NEW YORK - A howitzer fired a 150-pound parachute attached to NASA's Perseverance rover into the atmosphere of Mars, on Thursday Earth time, while the SUV-sized rover suspended beneath the 'chute hurtled toward the surface of the Red Planet at nearly twice the speed of sound.
"Space is definitely very harsh," Perseverance SuperCam lead systems engineer Vishnu Sridharan said. "We try to simulate everything on Earth and we do our best but when it comes to the real deal there is an element of chance there."
Sridharan grew up in Rego Park, Queens, but on Thursday he sat in his Pasadena apartment while working remotely and watching a livestream of Perseverance's entry, descent, and landing on Mars, hoping the product of the last three years of his working life survived unscathed.
"Folks have been working on it for over a decade," Sridharan said of SuperCam.
An illustration of NASA's Perseverance Rover with labels indicating the major instruments. (Via NASA/JPL)
Perseverance landed safely in the 28-mile wide crater of a former Martian lake, to applause from those in mission control back on Earth, and now spends the next few weeks ensuring all its various subsystems still function after six months of space flight and seven terrifying minutes of entry, descent, and landing.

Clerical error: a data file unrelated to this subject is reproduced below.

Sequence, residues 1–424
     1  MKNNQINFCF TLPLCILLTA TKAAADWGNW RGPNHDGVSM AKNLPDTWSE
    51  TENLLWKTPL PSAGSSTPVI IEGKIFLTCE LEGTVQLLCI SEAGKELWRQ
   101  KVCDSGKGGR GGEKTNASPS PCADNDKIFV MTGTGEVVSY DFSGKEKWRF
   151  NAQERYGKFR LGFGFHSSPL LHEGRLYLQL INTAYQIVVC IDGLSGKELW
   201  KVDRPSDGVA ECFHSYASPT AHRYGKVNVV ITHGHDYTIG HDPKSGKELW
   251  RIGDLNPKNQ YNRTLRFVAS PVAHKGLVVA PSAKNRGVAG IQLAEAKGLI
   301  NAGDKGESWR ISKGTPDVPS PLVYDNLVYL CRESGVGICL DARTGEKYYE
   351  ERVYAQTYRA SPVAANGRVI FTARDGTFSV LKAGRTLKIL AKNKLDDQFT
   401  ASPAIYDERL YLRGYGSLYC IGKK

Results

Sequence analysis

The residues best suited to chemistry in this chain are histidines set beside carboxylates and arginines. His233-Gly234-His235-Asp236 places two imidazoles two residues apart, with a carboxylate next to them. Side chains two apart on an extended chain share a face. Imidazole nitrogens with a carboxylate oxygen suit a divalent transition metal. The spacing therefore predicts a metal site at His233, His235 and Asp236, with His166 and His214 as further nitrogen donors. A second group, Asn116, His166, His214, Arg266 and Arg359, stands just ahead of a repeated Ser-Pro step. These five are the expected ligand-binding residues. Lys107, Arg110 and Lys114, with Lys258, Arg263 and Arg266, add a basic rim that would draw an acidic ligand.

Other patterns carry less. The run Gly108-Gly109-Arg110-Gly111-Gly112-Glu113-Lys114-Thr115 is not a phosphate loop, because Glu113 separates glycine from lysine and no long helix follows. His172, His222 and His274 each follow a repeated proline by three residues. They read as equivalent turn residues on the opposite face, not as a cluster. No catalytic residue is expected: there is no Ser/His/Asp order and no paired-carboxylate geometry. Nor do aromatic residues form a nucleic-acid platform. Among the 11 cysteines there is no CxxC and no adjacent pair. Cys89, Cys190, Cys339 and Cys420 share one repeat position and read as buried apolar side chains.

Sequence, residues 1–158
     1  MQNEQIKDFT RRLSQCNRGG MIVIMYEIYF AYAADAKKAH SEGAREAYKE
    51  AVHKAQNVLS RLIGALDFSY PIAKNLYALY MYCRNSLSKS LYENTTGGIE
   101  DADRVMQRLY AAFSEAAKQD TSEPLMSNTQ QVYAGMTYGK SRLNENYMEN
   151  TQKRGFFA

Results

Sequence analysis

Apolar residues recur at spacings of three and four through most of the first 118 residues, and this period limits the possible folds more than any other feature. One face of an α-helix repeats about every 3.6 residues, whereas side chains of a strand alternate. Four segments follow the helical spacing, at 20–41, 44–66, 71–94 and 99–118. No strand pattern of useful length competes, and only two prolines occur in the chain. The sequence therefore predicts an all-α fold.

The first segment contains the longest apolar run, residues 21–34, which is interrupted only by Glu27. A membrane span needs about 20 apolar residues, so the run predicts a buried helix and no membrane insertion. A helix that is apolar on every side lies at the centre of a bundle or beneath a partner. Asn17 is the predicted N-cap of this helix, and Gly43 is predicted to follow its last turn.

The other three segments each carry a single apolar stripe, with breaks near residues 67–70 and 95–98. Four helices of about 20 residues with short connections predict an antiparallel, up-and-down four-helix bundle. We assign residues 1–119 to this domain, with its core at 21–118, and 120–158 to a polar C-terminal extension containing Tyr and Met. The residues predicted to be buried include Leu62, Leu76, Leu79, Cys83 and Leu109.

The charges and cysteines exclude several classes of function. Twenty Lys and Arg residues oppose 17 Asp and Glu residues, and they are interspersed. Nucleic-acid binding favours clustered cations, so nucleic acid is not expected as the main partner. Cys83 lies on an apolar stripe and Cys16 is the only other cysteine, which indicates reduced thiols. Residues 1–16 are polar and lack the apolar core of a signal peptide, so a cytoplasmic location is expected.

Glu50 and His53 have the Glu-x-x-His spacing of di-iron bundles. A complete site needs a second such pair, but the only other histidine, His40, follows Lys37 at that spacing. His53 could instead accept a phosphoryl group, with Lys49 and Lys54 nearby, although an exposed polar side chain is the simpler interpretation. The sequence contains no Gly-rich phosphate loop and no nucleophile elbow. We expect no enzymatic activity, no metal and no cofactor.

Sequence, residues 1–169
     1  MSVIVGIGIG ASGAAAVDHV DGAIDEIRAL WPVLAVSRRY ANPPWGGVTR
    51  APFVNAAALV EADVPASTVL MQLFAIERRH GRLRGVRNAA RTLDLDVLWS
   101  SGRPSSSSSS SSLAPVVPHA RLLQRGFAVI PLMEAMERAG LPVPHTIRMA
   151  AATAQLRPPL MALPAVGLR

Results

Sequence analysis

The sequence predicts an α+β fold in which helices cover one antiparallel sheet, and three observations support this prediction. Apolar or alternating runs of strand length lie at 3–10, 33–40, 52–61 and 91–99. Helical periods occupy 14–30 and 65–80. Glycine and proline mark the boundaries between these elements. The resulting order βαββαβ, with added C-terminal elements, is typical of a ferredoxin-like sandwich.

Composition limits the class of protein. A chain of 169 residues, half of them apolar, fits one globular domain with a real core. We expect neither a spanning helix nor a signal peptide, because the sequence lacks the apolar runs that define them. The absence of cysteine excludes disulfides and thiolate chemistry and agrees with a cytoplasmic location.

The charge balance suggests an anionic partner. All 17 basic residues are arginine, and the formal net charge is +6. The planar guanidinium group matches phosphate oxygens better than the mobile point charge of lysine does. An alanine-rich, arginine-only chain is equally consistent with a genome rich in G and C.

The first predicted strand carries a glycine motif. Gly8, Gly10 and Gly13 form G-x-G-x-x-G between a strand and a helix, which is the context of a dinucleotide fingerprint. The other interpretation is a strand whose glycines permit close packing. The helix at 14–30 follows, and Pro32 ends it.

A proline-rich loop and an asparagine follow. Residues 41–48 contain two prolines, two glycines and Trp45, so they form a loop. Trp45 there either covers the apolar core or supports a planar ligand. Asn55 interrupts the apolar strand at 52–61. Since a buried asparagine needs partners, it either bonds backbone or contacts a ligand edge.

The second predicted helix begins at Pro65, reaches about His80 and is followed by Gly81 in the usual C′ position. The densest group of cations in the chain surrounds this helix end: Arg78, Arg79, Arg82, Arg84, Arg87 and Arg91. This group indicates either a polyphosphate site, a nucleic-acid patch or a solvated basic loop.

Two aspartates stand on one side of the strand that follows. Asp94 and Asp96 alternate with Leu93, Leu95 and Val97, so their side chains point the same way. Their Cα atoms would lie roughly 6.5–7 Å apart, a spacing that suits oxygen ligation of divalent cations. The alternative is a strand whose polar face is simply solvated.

"So, what we'll be doing is firing lasers on rocks, taking images, recording with our microphone," Sridharan said.
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Sridharan's SuperCam plays a vital role in Perseverance's mission to collect the first Martian samples for return to earth (a task to be assigned to a future mission).
"Basically used to study the elemental composition of rocks," Sridharan said, "but also it's used for detecting biosignature of targets it's looking at."
Those biosignatures might hint at whether the surface of Mars ever harbored life.
"We're not like thinking about little green men or aliens on Mars," Sridharan said, "but more like microbial life."
"Really sparking my interest in pursuing outside-the-atmosphere engineering," he said.
Once Sridharan determines SuperCam functions as it should, the engineering part of the mission ends, the science begins, and Sridharan starts working on a system for a future NASA mission, one he hopes also studies conditions and demonstrates technology that improves life here on Earth.
"As humans," he said, "we are explorers and naturally we go and seek and ask fundamental questions."